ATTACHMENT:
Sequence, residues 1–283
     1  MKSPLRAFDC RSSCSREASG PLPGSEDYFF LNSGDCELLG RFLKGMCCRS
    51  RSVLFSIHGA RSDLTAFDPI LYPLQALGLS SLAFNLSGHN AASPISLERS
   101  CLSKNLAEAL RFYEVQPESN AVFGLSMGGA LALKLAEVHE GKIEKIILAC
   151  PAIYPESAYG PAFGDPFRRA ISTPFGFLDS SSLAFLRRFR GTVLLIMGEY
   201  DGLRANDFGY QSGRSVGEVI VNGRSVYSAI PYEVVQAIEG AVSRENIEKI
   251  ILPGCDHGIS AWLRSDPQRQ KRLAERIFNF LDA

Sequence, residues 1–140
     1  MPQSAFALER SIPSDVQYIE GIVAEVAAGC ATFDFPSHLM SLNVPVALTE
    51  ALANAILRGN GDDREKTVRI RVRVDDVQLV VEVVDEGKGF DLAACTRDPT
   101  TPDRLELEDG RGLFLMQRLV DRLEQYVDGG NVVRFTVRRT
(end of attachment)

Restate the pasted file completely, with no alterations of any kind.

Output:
Sequence, residues 1–283
     1  MKSPLRAFDC RSSCSREASG PLPGSEDYFF LNSGDCELLG RFLKGMCCRS
    51  RSVLFSIHGA RSDLTAFDPI LYPLQALGLS SLAFNLSGHN AASPISLERS
   101  CLSKNLAEAL RFYEVQPESN AVFGLSMGGA LALKLAEVHE GKIEKIILAC
   151  PAIYPESAYG PAFGDPFRRA ISTPFGFLDS SSLAFLRRFR GTVLLIMGEY
   201  DGLRANDFGY QSGRSVGEVI VNGRSVYSAI PYEVVQAIEG AVSRENIEKI
   251  ILPGCDHGIS AWLRSDPQRQ KRLAERIFNF LDA

Sequence, residues 1–140
     1  MPQSAFALER SIPSDVQYIE GIVAEVAAGC ATFDFPSHLM SLNVPVALTE
    51  ALANAILRGN GDDREKTVRI RVRVDDVQLV VEVVDEGKGF DLAACTRDPT
   101  TPDRLELEDG RGLFLMQRLV DRLEQYVDGG NVVRFTVRRT